Moreover – and I admit this a more of a minor point – tying his backstory, and so that of Scarlet Witch and Quicksilver, to a fixed point in history (World War II and the Holocaust) creates all kinds of problems for Marvel’s sliding timescale, which then necessitates periodic ‘fixes’ as well.
Travis: That’s funny that you guys talked about Untold Tales and then the Phoenix retcon right next to each other, since Busiek was the guy behind both of them.
The DC Hawks continuity and characters have been so f-‘d up over the years, it’s not even funny. Apparently now in Justice League it’s not just Thanagar, but Thanagar Prime, and it’s a world where other planets in the universe keep all their most precious treasures and secrets (so they’re the Switzerland of the universe, kinda). On that world the ruler is Shayera (I think), but there’s also Kendra, the Hawkgirl from Earth who was (re)introduced in the Dark Nights Metal series, I believe. I think they’re parts of the same soul? And there’s the appearance of a (new?) Savage Hawkman on the planet as well. My haid hurt. This is after Crisis on Infinite Earths (or more, the aftermath thereof) tried to reconcile the different Golden and Silver Age versions, and then created more versions, and then his ’90s series was confusing, but finally he seemed to have been mostly fixed by the early ’00s series and JSA where he and Hawkgirl/woman were reincarnated repeatedly through the ages. But after Flashpoint and the New 52, things have gotten weird again (as well as this new change after Rebirth adding in extra years and characters). I can follow all this stuff pretty well and I can’t follow this stuff.
John: Yeah, Hawkman’s become a total mess, and even after he’s been fixed a few times, he always seems to default back to being a total mess. At this point he’s become one of those characters, like Donna Troy or Jean Grey, who’s probably just screwed up for all time. (And when characters get so messed up that readers no longer even call them by their code names anymore, that’s when you know they’re probably too far gone to ever be fixed.)
In retrospect, I think DC’s biggest mistake after Crisis on Infinite Earths was not just putting the brakes on revamping characters after a certain point. The JLA didn’t get their new origin with Black Canary in place of Wonder Woman until 1988. Hawkworld and Emerald Dawn debuted in 1989. Considering that Crisis came to an end in 1986, that’s a bit late in the day, I think.
Basically, I think that 1980s DC didn’t really put enough consideration into the domino effect that rewriting certain characters’ origins would have on other books. A affects B affects C in a story, and sometimes revamping a solo character screws up the history of a group book. Wonder Woman and Hawkman being introduced into the present day DCU meant that the histories of Wonder Girl, the Teen Titans, the JLA, and the JSA ALL got altered to one degree or another. And the Legion of Super-Heroes has had years of constantly-rewritten history, all because Superboy and Supergirl were removed from continuity. The Legion is still dealing with the fallout from that one decision 30+ years ago. I wish them the best with the new Brian Michael Bendis/Ryan Sook Legion, but frankly, after four or five Legion reboots, it’s hard for me to care much anymore.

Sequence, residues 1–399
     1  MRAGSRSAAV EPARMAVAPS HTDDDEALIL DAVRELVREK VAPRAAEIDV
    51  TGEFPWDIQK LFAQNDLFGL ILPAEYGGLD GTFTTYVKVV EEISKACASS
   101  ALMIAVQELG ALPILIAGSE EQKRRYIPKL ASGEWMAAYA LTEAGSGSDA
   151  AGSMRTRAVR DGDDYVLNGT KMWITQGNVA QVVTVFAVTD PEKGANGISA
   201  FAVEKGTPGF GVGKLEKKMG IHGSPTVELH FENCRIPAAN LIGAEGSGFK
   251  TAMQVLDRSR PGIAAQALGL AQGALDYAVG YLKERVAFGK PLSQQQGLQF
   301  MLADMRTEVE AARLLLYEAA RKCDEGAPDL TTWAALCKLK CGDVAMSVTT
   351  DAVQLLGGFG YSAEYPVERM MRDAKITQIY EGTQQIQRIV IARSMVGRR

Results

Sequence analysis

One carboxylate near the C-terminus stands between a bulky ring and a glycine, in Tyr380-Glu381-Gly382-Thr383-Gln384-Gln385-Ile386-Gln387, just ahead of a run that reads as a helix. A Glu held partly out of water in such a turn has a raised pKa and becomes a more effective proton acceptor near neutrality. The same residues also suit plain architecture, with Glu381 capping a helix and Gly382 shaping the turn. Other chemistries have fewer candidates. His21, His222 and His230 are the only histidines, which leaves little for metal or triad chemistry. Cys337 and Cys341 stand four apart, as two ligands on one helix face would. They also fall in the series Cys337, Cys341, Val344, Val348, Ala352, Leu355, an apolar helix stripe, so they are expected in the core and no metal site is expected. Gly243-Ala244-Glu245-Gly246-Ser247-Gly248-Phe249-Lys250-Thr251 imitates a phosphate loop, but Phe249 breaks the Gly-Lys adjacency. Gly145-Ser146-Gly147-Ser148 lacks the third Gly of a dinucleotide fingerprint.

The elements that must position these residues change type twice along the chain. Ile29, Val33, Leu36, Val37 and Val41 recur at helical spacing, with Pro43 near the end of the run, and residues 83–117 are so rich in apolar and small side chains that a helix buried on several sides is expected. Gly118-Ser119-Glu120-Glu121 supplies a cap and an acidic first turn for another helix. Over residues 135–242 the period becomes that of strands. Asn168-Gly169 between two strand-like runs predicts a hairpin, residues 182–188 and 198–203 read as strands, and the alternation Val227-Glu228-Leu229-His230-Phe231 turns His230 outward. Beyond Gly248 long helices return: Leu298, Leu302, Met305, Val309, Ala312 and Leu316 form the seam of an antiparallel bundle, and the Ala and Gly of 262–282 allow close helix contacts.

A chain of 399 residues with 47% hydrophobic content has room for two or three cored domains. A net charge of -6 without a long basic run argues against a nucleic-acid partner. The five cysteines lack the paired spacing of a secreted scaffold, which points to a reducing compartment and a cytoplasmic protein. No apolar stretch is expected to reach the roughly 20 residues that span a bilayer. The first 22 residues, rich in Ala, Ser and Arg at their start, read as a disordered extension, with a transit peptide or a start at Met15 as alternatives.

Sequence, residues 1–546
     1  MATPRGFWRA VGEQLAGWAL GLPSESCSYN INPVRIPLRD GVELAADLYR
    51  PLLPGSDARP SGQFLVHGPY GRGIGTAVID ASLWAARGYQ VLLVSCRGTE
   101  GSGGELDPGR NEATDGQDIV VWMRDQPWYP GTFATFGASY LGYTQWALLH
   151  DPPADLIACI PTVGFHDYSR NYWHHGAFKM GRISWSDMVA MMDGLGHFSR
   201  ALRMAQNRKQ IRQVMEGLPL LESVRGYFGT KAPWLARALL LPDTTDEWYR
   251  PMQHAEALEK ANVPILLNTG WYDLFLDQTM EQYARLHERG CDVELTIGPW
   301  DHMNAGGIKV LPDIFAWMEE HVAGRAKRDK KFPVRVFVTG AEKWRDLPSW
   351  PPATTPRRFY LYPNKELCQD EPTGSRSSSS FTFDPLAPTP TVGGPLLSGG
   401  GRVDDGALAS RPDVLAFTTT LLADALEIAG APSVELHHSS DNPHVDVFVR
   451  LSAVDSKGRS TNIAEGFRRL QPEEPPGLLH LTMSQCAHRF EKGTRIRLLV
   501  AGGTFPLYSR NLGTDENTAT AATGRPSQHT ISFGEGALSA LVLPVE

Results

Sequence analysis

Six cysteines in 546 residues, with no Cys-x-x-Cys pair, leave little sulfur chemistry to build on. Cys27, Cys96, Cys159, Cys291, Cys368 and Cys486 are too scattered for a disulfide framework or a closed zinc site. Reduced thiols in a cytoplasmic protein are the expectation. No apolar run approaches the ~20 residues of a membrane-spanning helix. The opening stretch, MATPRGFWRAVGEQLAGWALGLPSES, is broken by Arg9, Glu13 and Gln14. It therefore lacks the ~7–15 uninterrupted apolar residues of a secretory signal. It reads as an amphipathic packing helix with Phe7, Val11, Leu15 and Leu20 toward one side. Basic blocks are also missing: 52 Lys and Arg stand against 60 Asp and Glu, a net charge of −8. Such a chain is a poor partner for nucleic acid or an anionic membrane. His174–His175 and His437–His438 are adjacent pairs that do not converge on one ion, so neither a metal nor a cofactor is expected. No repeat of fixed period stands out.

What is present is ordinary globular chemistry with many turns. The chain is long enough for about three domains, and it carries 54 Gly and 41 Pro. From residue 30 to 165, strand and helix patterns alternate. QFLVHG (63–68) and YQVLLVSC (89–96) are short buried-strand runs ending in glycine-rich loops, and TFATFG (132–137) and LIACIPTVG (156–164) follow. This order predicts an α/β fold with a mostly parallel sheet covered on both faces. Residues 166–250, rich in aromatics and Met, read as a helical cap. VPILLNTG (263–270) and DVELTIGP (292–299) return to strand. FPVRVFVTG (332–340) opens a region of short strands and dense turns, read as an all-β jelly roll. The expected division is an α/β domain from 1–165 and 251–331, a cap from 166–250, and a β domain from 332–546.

Jim: I’ve talked with Marv Wolfman about COIE; he really just wanted to clear the table and let writers write stories without having to look up decades of history to make sure they weren’t contradicting something. The plan was to be a total reset, but almost immediately each editor and “name” writer started trying to rope off their little corner of continuity to protect their own stories, with the result that COIE accomplished nothing in terms of its original purpose.
Travis: I’m not entirely sure it counts, but one of my favorite reboots is probably the Kyle Baker Plastic Man. He seemed to take Plas and make him fun, even as he acknowledged how out of place he was in the greater DCU at that time (right around the time of Identity Crisis, I believe). Not to name names (Burgas), but people who don’t think Kyle Baker is amazing are just wrong. Plus, it gave us a celebration of “shirtless fighting!”
John: I’d say that the Kyle Baker Plastic Man definitely counts as a reboot. Baker made some adjustments to the origin and he gave Plas a different domestic life than Joe Kelly did in JLA around that time. (Kelly’s Plas was a deadbeat dad, if I remember correctly. Gee, how heroic.)